Hepatitis C

Hepatitis C is an infectious disease affecting primarily the liver, caused by the hepatitis C virus (HCV). The infection is often asymptomatic, but chronic infection can lead to scarring of the liver and ultimately to cirrhosis, which is generally apparent after many years. In some cases, those with cirrhosis will go on to develop liver failure, liver cancer or life-threatening esophageal and gastric varices.

HCV is spread primarily by blood-to-blood contact associated with intravenous drug use, poorly sterilized medical equipment and transfusions. An estimated 130–170 million people worldwide are infected with hepatitis C. The existence of hepatitis C (originally "non-A non-B hepatitis") was postulated in the 1970s and proven in 1989. It is not known to cause disease in other animals.

The virus persists in the liver in about 85% of those infected. This persistent infection can be treated with medication; peginterferon and ribavirin are the current standard therapy. Overall, between 50–80% of people treated are cured. Those who develop cirrhosis or liver cancer may require a liver transplant. Hepatitis C is the leading cause of liver transplantation though the virus usually recurs after transplantation. No vaccine against hepatitis C is currently available.

This text uses material from Wikipedia licensed under CC BY-SA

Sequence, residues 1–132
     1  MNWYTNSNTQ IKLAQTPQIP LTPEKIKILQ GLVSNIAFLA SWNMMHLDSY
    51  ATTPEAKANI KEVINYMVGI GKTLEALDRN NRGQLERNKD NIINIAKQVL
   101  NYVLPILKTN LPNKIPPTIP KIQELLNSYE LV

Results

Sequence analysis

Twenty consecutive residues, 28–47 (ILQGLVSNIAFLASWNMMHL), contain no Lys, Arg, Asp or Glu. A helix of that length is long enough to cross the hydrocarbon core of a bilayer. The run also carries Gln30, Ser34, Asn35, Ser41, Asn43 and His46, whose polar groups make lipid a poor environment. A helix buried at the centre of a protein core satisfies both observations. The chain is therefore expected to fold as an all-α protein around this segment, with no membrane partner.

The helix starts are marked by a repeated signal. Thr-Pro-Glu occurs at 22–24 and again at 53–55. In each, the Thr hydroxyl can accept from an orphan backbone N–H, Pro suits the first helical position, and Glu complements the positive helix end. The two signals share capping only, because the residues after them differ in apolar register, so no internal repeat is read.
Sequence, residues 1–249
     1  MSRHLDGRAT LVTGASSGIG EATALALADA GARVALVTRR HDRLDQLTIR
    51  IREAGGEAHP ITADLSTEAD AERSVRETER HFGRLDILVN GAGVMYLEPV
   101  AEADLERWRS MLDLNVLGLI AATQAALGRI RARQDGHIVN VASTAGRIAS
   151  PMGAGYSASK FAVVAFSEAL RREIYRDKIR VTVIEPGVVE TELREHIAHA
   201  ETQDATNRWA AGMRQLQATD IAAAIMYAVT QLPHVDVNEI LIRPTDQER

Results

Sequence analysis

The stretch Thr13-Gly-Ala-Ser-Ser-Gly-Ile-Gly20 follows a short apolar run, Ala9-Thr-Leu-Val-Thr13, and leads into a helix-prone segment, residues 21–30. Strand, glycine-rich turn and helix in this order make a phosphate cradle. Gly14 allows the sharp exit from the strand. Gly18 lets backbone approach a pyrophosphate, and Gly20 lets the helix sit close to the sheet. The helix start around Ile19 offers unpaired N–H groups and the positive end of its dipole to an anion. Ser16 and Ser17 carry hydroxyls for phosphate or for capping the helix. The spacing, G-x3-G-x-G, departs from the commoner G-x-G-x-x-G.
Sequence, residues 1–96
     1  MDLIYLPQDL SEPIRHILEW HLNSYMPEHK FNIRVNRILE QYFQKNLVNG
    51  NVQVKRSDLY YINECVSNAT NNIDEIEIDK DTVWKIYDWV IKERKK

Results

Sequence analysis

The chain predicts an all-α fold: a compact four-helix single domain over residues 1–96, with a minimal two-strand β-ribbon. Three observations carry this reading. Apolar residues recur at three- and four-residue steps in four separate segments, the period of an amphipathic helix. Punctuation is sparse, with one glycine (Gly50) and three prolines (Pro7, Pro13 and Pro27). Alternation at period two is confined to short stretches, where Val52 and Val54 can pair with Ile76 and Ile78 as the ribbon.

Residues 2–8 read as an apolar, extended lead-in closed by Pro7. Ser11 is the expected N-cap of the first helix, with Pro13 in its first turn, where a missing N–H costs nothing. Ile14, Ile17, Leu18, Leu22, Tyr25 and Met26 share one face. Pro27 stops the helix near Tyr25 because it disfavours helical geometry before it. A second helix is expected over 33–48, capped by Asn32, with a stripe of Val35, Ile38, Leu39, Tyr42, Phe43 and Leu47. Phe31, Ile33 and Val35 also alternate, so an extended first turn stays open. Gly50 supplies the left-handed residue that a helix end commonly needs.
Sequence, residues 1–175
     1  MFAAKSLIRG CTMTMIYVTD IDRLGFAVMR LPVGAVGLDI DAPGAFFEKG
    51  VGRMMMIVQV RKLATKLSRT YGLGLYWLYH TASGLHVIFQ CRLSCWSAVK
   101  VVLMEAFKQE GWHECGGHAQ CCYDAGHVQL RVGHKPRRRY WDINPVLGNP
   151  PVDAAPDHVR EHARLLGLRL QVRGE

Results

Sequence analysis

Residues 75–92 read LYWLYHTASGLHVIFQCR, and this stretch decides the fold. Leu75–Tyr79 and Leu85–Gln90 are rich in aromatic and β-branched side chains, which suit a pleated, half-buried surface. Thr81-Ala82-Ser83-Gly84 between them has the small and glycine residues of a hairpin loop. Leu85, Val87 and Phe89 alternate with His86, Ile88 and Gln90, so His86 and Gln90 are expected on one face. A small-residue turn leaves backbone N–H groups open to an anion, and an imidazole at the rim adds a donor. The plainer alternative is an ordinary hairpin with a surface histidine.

Latest Spotlight News

New target could eliminate lurking cancer stem cells

Scientists from Trinity College Dublin have identified a novel target that could help to identify 'cancer stem cells' while they are in their inactive state. The scientists could then jolt these cells into action so that ...

How can I tell if she's lying?

Sarcasm, white lies and teasing can be difficult to identify for those with certain disorders – new video inventory developed at McGill may help

Functional human liver cells grown in the lab

In new research appearing in the prestigious journal Nature Biotechnology, an international research team led by The Hebrew University of Jerusalem describes a new technique for growing human hepatocytes in the laboratory. ...

Combination therapy can prevent cytostatic resistance

Researchers at Karolinska Institutet have found a new way of preventing resistance to cytostatics used in the treatment of cancers such as medulloblastoma, the most common form of malignant brain tumour in children. The promising ...